Support Mental Restoration/Ease Stress

Desert Rain Smells (06-29-22)

Researchers have investigated the consequences of smelling the sorts of odors present in deserts when it rains.  Nabhan, Daugherty, and Hartung found that “Desert dwellers know it well: the smell of rain and the feeling of euphoria that comes when a storm washes over the parched earth. That feeling, and the health benefits that come with it, may be the result of oils and other chemicals released by desert plants after a good soaking. . . .

Pediatric Healthcare Design (06-02-22)

Steelcase conducted a pediatric healthcare-related literature review and developed design principles that can be used in a variety of spaces, from waiting areas to exam rooms.  Via the literature review, Steelcase determined that in pediatric healthcare settings “engaging young patients in their surrounding environment can help minimize anxiety and promote a sense of calm. Exploration provides choices, and choices provide a sense of control. . . . Children need movement and sensory experiences to reduce stress. . . .

Impulsive Sound and Performance (06-01-22)

Radun and colleagues investigated the effects of impulsive sound on cognitive performance.  They report that “Exposure to impulsive sound (65 dB LAeq) was compared with quiet sound (35 dB LAeq) and steady-state sound (65 dB LAeq). . . . Compared to quiet sound, impulsive sound caused more annoyance, workload, and lack of energy, raised cortisol concentrations, reduced systolic blood pressure, and decreased accuracy. . . . Compared with steady-state sound, impulsive sound was experienced as more annoying and causing a higher workload and more lack of energy.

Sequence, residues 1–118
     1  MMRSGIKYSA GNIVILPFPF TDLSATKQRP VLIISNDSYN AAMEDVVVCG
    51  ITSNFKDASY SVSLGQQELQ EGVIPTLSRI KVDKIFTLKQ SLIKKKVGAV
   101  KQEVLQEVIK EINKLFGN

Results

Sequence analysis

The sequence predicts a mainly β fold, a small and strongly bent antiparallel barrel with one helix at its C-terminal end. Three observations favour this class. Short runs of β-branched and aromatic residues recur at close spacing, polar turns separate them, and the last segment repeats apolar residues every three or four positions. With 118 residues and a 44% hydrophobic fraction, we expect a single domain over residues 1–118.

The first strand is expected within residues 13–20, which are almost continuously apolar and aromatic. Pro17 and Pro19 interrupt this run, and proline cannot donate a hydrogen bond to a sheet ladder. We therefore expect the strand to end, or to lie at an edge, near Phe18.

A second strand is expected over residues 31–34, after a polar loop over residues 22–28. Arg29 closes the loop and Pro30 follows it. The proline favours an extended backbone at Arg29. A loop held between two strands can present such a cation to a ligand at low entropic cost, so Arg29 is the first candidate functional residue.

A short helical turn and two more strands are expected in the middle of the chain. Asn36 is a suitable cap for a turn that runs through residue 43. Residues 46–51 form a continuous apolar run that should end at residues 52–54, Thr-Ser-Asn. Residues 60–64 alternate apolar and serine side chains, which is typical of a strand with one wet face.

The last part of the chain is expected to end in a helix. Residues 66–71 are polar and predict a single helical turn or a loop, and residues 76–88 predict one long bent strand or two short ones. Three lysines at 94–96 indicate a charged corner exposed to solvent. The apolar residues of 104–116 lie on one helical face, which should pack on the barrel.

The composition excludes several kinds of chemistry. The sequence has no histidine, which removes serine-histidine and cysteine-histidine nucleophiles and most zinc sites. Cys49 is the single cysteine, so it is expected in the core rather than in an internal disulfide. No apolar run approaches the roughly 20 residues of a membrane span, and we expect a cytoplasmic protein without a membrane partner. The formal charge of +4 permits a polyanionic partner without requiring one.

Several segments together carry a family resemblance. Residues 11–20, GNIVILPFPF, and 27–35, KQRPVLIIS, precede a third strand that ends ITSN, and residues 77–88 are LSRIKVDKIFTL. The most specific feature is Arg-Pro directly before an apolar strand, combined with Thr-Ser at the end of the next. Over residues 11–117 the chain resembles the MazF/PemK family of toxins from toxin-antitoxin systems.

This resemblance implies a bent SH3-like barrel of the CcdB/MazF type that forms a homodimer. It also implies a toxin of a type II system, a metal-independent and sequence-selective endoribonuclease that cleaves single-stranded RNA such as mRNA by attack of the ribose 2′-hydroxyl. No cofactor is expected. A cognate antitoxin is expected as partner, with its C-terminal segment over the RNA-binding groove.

Music’s Effects (05-16-22)

Birman and Ferguson increase our understanding of the cognitive effects of listening to music.  They report that their study participantswere randomly assigned to four different groups: silence (no music), classical music, rock, and the final group could choose any genre they liked. The California Verbal Learning Test—Second Edition (CVLT-II) was administered to assess participant’s memory. Anxiety was also assessed before and after the memory test to see whether the music had any effect.

Mindful Nature (05-11-22)

Macaulay lead a team that investigated mindfulness in nature settings.  The researchers report that “Before and after a 20-minute outdoor experience, participants . . . completed surveys. . . . Participants were randomly allocated to one of four engagement intervention groups: mindful engagement, directed engagement, mind wandering, and an unguided control group. . . . the unguided control group had the greatest level of attention restoration. . . . .

Healthcare Art and Anxiety (04-28-22)

Gore and colleagues studied the effects of seeing art on anxiety among cancer patients.  They report that they compared anxiety levels for “three groups (participants who observed an electronic selection of artwork with and without guided discussion, and a control group that did not engage in either dedicated art observation activity).  . . .  [average] anxiety scores were significantly lower among those who participated in guided art observation, compared to [the  control group]. . . .

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